# On differentiating an integral with respect to a function

Let $f,g:\mathbb{R}^n \rightarrow \mathbb{R}$, and let

$$Q = \int \! g(\mathbf{x})f(\mathbf{x}) \, \mathrm{d}\mathbf{x}$$

What is the result of the following differentiation?

$$\frac{\partial}{\partial g}Q = \frac{\partial}{\partial g} \int \! g(\mathbf{x})f(\mathbf{x}) \, \mathrm{d}\mathbf{x}$$

I think that the answer is just $\int \! f(\mathbf{x}) \, \mathrm{d}\mathbf{x}$ [EDIT: I'm Wrong!], but I am afraid that there's something tricky around. Besides, what if I have to find $\partial Q/\partial g$ but the integral is defined over a region of $\mathbb{R}^n$? Is everything as before?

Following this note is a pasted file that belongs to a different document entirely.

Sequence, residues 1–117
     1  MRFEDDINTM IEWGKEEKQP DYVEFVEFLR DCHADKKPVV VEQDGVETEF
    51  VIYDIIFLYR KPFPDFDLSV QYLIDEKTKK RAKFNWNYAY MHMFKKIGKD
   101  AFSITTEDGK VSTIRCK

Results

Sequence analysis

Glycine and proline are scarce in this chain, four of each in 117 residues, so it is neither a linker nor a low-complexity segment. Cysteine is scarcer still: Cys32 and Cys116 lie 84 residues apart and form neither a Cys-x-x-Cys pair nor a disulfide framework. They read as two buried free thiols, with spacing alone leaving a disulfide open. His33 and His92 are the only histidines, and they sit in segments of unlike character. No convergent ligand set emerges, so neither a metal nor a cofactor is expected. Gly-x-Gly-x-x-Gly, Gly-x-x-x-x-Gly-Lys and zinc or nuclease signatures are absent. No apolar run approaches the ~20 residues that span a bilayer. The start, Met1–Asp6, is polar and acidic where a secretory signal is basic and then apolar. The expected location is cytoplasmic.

• What does $\partial /\partial g$ mean? For example, let $g(x,y)=x^2+\sin(x^2+y)$. – Pedro Tamaroff Nov 25 '13 at 20:25
• @PedroTamaroff, it just means the derivative of $Q$ with respect to the function $g$. I think this could be useful. – nullgeppetto Nov 25 '13 at 20:30
The answer is $f$. Or more correctly $h \mapsto \int f(x)h(x) dx$. Its a linear map, and the derivative of a linear map is itself.
• Thanks @Stephen! Very enlightening! Could you help me about the other question? What about the case where the integral if over a region $\Omega$? – nullgeppetto Nov 25 '13 at 20:58
• Its the same. Remember $F(f+h) = F(f) + F'(f)(h) + o(|h|)$. Of course, you have to define what you mean by $|h|$ when the space is infinite dimensional (e.g. as in the case of the space of functions on $\Omega$). – Stephen Montgomery-Smith Nov 25 '13 at 21:39